Read judgment

This is a case that illustrates how, even when a host country has an officially welcoming policy, as does Uganda, refugees may still face discrimination thanks to the attitude of senior officials.

Ironically, the plaintiffs in this matter told the court they are not, in fact, refugees. However, they are being treated as though they were.

The seven individual plaintiffs say they have lived in Uganda all their lives and are entitled, by law, to all benefits of citizenship. The eighth, an organisation called Multiracial Community Uganda (MCU), says it represents many others who find themselves in a similar position.


The complaint is that, though they are entitled to citizenship by birth, the directorate of immigration and citizenship (DIC) and the national identification and registration authority (NIRA), have refused to recognise this right. The individual plaintiffs and MCU say the DIC and the NIRA have, among others, denied them, or their members, access to and renewal of documents like passports and a national identity card, and that this is discriminatory, unfair and illegal.

They say that while the attorney general (the defendant in this case) issued clarification in 2007 about the citizenship status of Ugandans of Somali origin, agents of the DIC and the NIRA have continued to treat them as ineligible for citizenship by birth.

The judge hearing the matter, Musa Ssekaana, went on to find these contested actions unlawful and in contravention of the constitution and other laws.

Once a refugee, always a refugee

But the complaint at the heart of the application concerns a telling circular, issued in 2007 by Uganda’s deputy passport control officer, Anthony Namara. He wrote to all processing officers:

‘… [A]ny immigration officer worth his salt must be able to tell a non-citizen from an indigenous person. … [O]ther tribes the Somalis, Indians, Yemenis can never be citizens by birth unless there was an intermarriage with local communities as listed in the constitution. Thus, half castes must first convince you that in their line, there is or there was an intermarriage. Short of that, let them show evidence that they were either registered or naturalised! And the evidence is a copy of a certificate, nothing else! Lastly, all of you should internalise Article 12. The import of Article 12 is simple: once a refugee, always a refugee, whether born in Uganda or not, inclusive of all your offspring.’

The judge said he ‘entirely disagreed’ with these views, and that the constitution was very clear about who was entitled to the status of citizenship by birth. ‘The circular issued to give guidance [to processing officers] is very erroneous, skewed and gives whims to immigration officers to determine citizenship by looking at skin colour based on indigenous Ugandans, which is extremely dangerous, derogatory and discriminatory.’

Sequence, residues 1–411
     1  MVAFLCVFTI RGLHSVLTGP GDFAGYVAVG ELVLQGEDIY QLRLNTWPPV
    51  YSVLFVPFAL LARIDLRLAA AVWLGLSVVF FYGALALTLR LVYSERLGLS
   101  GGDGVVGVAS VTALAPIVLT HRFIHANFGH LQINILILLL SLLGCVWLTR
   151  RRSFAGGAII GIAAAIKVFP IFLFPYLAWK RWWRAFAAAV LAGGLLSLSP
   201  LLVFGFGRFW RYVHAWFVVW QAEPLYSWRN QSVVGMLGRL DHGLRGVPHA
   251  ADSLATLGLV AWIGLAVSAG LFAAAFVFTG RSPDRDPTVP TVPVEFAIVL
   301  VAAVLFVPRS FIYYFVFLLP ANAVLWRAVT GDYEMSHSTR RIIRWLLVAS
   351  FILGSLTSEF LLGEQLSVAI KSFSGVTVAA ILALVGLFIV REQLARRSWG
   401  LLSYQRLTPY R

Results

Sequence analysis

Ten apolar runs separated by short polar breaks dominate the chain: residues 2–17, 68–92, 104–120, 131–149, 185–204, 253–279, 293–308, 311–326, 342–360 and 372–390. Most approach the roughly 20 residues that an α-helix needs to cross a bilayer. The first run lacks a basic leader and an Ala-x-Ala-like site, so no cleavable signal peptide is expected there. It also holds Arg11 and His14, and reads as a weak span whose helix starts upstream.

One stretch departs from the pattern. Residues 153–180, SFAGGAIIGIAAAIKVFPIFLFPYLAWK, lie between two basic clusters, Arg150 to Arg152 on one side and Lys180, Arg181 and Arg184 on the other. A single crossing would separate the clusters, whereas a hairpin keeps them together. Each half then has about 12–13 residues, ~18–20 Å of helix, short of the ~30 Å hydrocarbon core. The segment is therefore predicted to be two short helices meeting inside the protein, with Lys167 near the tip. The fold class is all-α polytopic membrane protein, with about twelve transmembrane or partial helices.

Race- and colour-based discriminatory decisions at the hands of government officials were clearly what MCU and its members experienced, however.

MCU said that the circular meant ‘that Somalis, Yemenis, Oman, Indian and all half castes can never be citizens by birth’ and that before new passports were issued to them or old ones were renewed, they would have to provide proof of registration and/or naturalization, proof of intermarriage with an indigenous community, among others. But in the constitution and the citizenship laws on who qualifies to become a citizen, ‘race, colour, ethnic origin [and] intermarriage are not among the legal requirements provided for under the law regarding proof of citizenship.’

MCU added that most of its members ‘have one black parent from the indigenous communities of Uganda and one coloured parent, that makes their skin light which does not mean that they are alien thus warranting denial of citizenship’.

Callous and discriminatory

The actions of government officers in denying MCU members citizenship, were thus ‘unlawful, arbitrary, callous, irregular and discriminatory’ in terms of the constitution, MCU said.

Ssekaana found that the contentious circular had led to the denial of passports and other documents to the applicants and that they were unfairly treated ‘due to their colour and origin’.

The AG had produced no evidence that the applicants had acquired their documents fraudulently, said the judge, ‘but rather relied on the circular issued by the deputy passport control officer who seemed to base his position on the plaintiffs’ colour rather than the constitutional provisions, thus being discriminatory and unfair to [them] by denying them citizenship whimsically.’


He therefore found that the actions of NIRA and DIC officers were unlawful and unconstitutional ‘and that their actions may render the plaintiffs and other persons in that category stateless due to denial of citizenship, which is a violation of Uganda’s international obligations.’

Finally, the judge issued a four-part order: he declared that the circular was ‘irregular, null and void’; the AG was ordered to declare that the plaintiffs fulfilled the requirements to be citizens by birth; the court further declared that eligible members of Uganda’s Somali community, qualifying for citizenship by birth, were entitled to be issued with Ugandan identification and citizenship-related documents, and finally, the directorate of citizenship and immigration control was ordered to issue national identity cards to eligible applicants who are Ugandans of Somali origin, as citizens by birth.

This outcome will clearly have been important and satisfying to the plaintiffs, but you have to wonder what has been the impact of that circular, and the thinking behind it, on Uganda’s refugee community over the last 15 years and more.